Jump to content

Tomo.T

Members
  • Content Count

    376
  • Joined

  • Last visited

  • Days Won

    2

Everything posted by Tomo.T

  1. I'm not sure of an official torque poundage, but thinking it might as well do something, I did it up to BSFT ( British Standard Fairly Tight. ) The strap has been relaxing unbridled in the colonies for many years, by the looks of it and is now back in harness for further employment.
  2. The diff bracing strap had suffered substantial erosion at it's extremities and was barely hanging on. Fortunately I had some 5/8 Whit. Pylon bolts from a previous find and with some skilful welding from Stan, the strap was restored to it's former self. The strap itself is an early example, having the riveted collar very near the end. This makes a bit of a performance out of fitting it and later versions have a longer shank (see previous pics.) After a short battle the strap is back in place and tightened up, with a bit of luck it can stay there as well !
  3. These modified rear axle cases began to appear from January 1916.( Auriga ) As 2393 was a 1915 build, It would have started out with the early type, which at some point was changed for the beefed up version. We shall be returning to the original, which is in better nick.
  4. Cleaned up the centre and did some remedial work on the paint. ( OK, I dropped it ! ) The wheel is now ready for a trial fitting which may even happen tomorrow. The alterations to the diff casing have made themselves known, via a photo sent to me recently. Compare these two pictures of an early and a later build, both J type. There was clearly a substantial build up of the lower arms, which was apparently instigated by the Army, after a number of rear axle failures.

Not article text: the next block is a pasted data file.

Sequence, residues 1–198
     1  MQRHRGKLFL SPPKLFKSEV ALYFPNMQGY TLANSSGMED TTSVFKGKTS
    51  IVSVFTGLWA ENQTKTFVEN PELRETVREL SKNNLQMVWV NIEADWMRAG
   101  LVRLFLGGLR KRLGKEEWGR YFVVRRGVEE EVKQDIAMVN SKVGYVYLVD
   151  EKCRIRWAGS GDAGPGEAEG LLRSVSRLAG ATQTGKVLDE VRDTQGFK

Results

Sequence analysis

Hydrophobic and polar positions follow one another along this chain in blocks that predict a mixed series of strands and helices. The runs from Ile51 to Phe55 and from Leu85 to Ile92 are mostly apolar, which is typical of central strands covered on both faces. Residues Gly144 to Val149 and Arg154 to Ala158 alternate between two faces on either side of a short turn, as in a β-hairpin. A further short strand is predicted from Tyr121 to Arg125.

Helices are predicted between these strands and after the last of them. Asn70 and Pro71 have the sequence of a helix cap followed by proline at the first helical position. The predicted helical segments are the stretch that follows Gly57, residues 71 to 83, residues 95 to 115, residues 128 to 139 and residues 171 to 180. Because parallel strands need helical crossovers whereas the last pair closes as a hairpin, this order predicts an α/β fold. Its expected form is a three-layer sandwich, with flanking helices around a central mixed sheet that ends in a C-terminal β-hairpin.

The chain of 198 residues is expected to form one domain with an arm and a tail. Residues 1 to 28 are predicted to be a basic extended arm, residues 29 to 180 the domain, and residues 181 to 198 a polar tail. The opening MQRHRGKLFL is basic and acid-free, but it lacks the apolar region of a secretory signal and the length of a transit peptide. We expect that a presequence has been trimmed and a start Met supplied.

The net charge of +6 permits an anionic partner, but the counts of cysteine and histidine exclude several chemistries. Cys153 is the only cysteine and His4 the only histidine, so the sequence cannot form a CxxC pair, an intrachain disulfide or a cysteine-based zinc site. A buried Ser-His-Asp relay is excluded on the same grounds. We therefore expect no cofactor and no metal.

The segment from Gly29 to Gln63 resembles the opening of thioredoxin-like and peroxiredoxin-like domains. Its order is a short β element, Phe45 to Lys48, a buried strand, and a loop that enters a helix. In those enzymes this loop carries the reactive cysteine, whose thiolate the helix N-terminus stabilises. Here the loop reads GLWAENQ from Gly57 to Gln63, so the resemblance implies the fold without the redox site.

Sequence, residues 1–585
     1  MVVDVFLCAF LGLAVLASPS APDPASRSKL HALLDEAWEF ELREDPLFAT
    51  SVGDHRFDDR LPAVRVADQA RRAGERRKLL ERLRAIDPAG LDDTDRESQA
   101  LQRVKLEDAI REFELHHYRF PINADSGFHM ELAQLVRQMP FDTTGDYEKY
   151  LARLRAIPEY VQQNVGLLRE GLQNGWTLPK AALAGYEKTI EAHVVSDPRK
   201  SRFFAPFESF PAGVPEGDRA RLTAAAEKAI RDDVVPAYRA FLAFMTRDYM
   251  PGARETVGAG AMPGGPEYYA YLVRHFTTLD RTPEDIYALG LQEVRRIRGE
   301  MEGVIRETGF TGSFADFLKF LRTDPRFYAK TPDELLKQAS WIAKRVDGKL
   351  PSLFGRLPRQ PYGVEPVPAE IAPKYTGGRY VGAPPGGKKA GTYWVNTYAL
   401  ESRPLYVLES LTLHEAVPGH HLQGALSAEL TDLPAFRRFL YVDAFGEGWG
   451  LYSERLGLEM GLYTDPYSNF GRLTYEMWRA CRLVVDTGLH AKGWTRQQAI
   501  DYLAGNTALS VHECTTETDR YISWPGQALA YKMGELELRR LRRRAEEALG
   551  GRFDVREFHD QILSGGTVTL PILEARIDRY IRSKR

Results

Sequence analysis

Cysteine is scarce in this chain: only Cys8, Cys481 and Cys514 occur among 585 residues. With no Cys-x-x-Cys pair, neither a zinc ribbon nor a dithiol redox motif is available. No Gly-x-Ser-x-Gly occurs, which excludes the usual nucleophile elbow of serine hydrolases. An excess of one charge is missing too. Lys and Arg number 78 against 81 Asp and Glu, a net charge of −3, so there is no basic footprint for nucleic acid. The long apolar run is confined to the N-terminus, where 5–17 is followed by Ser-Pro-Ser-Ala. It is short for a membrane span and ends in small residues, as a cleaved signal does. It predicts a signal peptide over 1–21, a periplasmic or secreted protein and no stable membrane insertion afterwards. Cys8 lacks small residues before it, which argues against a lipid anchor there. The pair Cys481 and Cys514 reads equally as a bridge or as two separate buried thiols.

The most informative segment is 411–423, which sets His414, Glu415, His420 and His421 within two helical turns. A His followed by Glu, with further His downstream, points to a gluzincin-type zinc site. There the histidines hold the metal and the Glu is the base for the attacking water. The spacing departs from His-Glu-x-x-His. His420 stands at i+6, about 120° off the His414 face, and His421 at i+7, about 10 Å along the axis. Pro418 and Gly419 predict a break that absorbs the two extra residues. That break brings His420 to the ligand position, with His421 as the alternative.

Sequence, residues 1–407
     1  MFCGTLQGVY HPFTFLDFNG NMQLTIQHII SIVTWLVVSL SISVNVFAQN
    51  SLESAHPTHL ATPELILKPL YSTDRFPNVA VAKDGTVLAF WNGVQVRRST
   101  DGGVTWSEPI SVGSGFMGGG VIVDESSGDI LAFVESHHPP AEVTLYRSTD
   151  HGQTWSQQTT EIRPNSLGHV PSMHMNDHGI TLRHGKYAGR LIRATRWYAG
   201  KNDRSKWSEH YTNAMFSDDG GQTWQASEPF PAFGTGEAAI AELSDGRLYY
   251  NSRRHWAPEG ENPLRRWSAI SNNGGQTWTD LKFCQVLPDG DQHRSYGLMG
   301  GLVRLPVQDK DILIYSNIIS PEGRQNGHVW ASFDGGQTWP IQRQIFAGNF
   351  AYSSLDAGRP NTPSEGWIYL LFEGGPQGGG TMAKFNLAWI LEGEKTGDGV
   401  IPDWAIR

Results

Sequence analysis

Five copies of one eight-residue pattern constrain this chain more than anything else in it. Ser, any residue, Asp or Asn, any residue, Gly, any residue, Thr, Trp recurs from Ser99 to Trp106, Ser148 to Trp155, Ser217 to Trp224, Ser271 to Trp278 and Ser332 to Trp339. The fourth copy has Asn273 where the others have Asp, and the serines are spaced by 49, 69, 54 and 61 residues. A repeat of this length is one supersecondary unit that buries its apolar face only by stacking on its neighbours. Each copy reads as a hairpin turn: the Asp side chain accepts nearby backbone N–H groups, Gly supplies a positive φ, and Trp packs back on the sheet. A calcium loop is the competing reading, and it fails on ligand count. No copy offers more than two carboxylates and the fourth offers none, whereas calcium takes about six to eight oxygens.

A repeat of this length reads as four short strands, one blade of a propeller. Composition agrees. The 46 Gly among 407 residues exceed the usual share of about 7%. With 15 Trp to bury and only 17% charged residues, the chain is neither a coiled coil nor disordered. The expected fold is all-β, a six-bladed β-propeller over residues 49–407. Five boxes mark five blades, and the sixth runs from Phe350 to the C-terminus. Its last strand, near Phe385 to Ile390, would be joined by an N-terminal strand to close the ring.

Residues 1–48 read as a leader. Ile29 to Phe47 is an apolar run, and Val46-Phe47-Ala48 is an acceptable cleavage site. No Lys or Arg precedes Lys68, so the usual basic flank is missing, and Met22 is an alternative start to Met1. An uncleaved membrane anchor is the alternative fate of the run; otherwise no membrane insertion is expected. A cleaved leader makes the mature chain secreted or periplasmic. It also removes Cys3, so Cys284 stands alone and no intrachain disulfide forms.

5. The ASC (Army Service Corps ) No. was an early means of registering military kit, including vehicles. The system did not work in practice and there were many duplicate no's issued. The whole system was scrapped in early 1915 and replaced by WD ' bonnet ' No's.
  6. Thanks for the kind words, this was a surprisingly complex team effort. I think it's fair to say we all learned something from it !
  7. We next had to decide on a top coat, something satin, and similar to the original coating would be desirable. I settled on Simoniz 'durable' acrylic which is a new product and certainly gives a nice result. How durable it is remains to be seen, as the steering wheel takes a lot of wear, (or hopefully will one day ! )
  8. Spent the day feckling the steering wheel forks with several helpings of U-Pol and much rubbing down, to simulate the original celulose coating. Results are quite encouraging and the spokes look much better for it. I rushed a coat of etch primer on, to seal the surface and hope to finish the rest of the prep tomorow.
  9. Missing toenails now present and correct, cleaned up, and ready for some filler and etch primer. Shame I was just starting to enjoy that !